But Humphreys critique goes further. He analyses the Human Rights debate as a post-1989 phenomenon. Of course the declaration was drafted in 1948, but there was a surge of international law after the Berlin Wall came down. After the end of the cold war the IPCC started collecting data on climate change, the Rio declaration was signed in 1992, the trade regime advocating unhampered international trade came into force in 1995 in Uruguay and the Security Council came to life again. And there was a huge push to promote Human Rights around the world. In jargon the debates differed, in language the Protocols and declarations differed, but it is clear that they addressed the spirit of the post-cold war era. The Rio declaration speaks of common but differentiated responsibilities for developed and developing countries, acknowledging a colonial heritage of underdevelopment that has to be compensated by the wealthier countries. Also in the trade regime this is recognized.

The spirit of the 90s and zeros
The human rights framework uses a different language, but has the same intentions and the same equality perspective. However where it started as a radical language of emancipation, almost utopian, today it is according to Humphreys at risk of becoming a legal language to minor problems. Also since the 1990s a lot of effort and money went into the ad hoc criminal law tribunals and since 9-1-2001 the war on terror dominated everything. The Human rights regime may still be important at the rhetorical level, it has a moral appeal, however Humphreys fears that especially the social and economic rights, for which a lot of new text was drafted in the last 20 years, replaced the existing language: Countries no longer speak about international welfare, but about investments as a means to development. The human rights framework is a weak replacement of the duty of states to reduce poverty, to enhance welfare and to contribute to each other's development. Humphreys doesn't offer much guidance but points at the possibility to design compensation and adaptation mechanisms to climate change vicitms for instance by transfer of technology, but out of court.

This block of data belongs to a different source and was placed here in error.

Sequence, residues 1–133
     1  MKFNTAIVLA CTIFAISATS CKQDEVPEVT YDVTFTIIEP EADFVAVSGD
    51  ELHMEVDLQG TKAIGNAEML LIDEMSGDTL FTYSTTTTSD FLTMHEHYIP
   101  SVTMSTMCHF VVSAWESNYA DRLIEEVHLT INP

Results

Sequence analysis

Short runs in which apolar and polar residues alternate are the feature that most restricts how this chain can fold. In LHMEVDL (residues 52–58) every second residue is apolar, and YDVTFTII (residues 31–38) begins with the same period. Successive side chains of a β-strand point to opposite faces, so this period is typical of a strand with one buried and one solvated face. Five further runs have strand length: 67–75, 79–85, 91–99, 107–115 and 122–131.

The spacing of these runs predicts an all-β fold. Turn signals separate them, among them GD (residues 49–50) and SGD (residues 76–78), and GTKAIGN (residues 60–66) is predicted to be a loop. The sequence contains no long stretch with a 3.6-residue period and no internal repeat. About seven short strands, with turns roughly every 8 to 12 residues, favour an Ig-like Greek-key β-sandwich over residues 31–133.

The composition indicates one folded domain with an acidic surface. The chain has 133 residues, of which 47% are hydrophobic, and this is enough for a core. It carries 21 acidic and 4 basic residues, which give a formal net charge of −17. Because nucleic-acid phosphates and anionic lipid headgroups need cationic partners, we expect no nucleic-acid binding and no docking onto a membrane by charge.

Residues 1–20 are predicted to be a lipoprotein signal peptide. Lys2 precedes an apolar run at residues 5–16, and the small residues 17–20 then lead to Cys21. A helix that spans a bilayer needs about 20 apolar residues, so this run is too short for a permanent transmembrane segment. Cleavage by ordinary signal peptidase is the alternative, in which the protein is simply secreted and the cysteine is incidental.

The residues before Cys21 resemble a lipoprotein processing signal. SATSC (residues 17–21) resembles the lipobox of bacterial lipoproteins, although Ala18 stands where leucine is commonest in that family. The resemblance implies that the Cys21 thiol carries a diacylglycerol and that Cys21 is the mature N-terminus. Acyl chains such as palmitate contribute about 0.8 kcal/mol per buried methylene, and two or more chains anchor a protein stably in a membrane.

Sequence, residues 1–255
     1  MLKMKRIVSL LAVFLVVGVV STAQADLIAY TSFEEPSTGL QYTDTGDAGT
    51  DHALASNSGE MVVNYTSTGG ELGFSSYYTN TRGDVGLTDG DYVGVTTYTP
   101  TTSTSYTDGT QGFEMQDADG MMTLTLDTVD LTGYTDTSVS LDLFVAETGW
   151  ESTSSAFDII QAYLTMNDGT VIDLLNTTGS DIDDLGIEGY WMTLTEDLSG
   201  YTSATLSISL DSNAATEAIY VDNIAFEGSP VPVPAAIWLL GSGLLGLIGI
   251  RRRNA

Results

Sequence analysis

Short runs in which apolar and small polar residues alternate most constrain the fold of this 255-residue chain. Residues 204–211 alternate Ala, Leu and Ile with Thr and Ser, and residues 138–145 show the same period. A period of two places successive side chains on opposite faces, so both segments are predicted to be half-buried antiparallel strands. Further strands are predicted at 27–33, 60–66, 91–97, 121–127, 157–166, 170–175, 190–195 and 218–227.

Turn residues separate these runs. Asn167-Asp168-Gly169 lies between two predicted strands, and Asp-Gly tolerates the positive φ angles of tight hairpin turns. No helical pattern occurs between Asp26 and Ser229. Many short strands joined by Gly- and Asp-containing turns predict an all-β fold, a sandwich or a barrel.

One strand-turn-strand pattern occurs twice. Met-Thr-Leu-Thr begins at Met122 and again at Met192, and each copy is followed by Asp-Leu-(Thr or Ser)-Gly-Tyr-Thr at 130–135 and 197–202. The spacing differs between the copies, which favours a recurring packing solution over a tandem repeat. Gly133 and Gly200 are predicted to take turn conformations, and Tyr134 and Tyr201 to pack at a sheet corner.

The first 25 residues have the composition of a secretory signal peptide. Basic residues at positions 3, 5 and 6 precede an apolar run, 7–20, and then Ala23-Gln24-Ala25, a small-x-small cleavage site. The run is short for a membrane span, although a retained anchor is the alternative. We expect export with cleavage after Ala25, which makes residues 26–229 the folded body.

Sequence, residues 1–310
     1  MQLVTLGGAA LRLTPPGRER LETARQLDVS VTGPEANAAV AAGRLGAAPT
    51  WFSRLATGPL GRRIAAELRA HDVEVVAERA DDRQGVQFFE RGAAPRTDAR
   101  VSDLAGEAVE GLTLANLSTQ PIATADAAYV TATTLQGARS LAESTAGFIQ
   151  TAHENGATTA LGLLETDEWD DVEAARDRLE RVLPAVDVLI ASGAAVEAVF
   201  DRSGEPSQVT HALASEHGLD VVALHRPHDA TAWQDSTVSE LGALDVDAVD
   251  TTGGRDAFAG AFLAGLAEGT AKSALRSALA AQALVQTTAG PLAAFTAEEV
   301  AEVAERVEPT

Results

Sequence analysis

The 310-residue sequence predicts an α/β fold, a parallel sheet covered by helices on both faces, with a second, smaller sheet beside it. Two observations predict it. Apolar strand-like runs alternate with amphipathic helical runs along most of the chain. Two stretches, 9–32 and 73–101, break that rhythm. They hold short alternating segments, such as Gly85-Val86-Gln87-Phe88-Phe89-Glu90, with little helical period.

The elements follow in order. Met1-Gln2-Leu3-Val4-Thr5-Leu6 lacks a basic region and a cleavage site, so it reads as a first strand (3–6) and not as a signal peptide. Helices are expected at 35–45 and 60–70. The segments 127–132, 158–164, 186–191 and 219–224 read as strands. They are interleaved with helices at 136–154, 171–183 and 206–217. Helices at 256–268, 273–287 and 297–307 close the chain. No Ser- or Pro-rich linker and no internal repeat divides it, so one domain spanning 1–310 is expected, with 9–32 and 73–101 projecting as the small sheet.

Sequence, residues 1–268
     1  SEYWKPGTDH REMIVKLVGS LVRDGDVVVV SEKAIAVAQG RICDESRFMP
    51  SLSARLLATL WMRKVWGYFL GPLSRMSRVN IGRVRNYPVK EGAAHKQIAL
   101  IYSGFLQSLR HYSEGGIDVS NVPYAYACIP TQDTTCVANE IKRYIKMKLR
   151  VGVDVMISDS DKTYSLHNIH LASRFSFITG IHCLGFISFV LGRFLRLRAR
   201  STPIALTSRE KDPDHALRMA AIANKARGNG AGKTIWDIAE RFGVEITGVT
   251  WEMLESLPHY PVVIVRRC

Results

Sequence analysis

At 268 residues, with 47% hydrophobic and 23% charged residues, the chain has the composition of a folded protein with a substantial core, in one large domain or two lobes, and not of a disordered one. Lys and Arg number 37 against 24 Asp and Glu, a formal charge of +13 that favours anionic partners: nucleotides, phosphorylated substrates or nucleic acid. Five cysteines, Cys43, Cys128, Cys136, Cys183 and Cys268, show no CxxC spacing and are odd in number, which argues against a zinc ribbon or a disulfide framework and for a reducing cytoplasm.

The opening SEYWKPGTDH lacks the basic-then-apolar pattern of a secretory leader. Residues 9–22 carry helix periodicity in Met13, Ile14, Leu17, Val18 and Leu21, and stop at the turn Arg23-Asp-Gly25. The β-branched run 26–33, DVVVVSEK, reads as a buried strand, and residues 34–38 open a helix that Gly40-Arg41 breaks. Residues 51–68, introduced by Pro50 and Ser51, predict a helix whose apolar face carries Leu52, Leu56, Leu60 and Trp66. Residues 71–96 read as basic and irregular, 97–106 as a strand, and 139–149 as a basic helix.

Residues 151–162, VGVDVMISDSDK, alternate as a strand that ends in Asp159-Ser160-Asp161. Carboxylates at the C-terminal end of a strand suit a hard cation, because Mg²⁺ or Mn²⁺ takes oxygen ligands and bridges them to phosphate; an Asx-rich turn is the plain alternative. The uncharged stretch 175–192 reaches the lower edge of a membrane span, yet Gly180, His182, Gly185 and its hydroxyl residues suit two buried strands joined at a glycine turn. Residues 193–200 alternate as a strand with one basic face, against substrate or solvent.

The state is here to stay
Also when addressing question form the audience it is clear that Humphreys feels the human right framework is too weak a legal framework to be effective against climate change. And he believes the discussion has been captured by corporations. For instance, he believes that the effort of professor Ruggie to translate the human rights declaration to responsibilities for transnational companies, which is now part of the OECD-guidelines on which transnational companies have to report, is leading us away from pointing at the responsibility of the state to legislate and act. Even if we acknowledge that some states are weak, and that also in the western world governments are reluctant to regulate and a lot of deregulation has already taken place, Humphreys believes these mechanisms are too weak to puts a real duty of care on companies.

The language we have ...
That leaves us with the analysis that from a legal point it is still the state – as a source of law - that is responsible for the distribution of risk and security. The question remains if all states can and will take this role. The spirit in which the Human Rights framework was originally drafted was that of protection of the individual against the totalitarian state. Now we are dealing with weak or reluctant states, increasing corporate power and a declining trust in markets. We have been warned not to trade one Utopia for the other, but it seems still important to express our values and use the language of human rights, even if it reduces the human rights framework to a moral rather than a legal force. So far it seems the best we have.

Interested in viewing the whole lecture? Watch the lecture 'Climate change victims and accountability perspectives' by dr. Stephen Humphreys.